ADGA Group Consultants Inc., part of a privately owned group of Canadian companies that provide professional services and solutions in a number of areas such as cyber security services, IT project management and systems development, went one step further and acquired a European company, called RHEA. This helps it to tap into the local European market and be more aware—and perhaps more readily considered for—NATO contracts.
Douglas Wiemer, manager of ADGA’s ICT engineering group, notes that since 1992, RHEA has been providing space engineering services and products to the international space community, including the European Space Agency. With headquarters in Brussels, RHEA is an international organization with an established in-country presence in Belgium, the Netherlands, Italy, Germany, Spain, Canada, the U.K. and the Czech Republic.
He says that ADGA’s acquisition of RHEA involved a strategic decision to “acquire an innovative company with strong scientific and professional engineering capabilities and as an opportunity to gain access to European markets and provide better access to existing clients like NATO.”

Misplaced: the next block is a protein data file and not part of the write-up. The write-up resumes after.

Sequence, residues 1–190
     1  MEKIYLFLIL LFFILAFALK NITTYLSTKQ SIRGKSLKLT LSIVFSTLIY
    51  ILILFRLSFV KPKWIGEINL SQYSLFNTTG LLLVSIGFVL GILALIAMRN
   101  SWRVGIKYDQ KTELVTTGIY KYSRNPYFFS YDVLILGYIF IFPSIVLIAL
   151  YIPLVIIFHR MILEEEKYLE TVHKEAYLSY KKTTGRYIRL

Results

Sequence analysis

The ADGA-RHEA Group has become a major provider of professional engineering services and solutions across the aerospace, defence and security sectors, with a particular emphasis on space systems engineering, cyber security, critical infrastructure protection and information technology solutions, Wiemer says. ADGA-RHEA has a history of providing professional engineering services to NATO, he notes, including independent verification and validation services and project management validation and assessments. For example, the ADGA-RHEA Group is providing custom software development services for the NATO Multi-national Cyber Defence Capability Development Cyber Information and Incident Coordination System.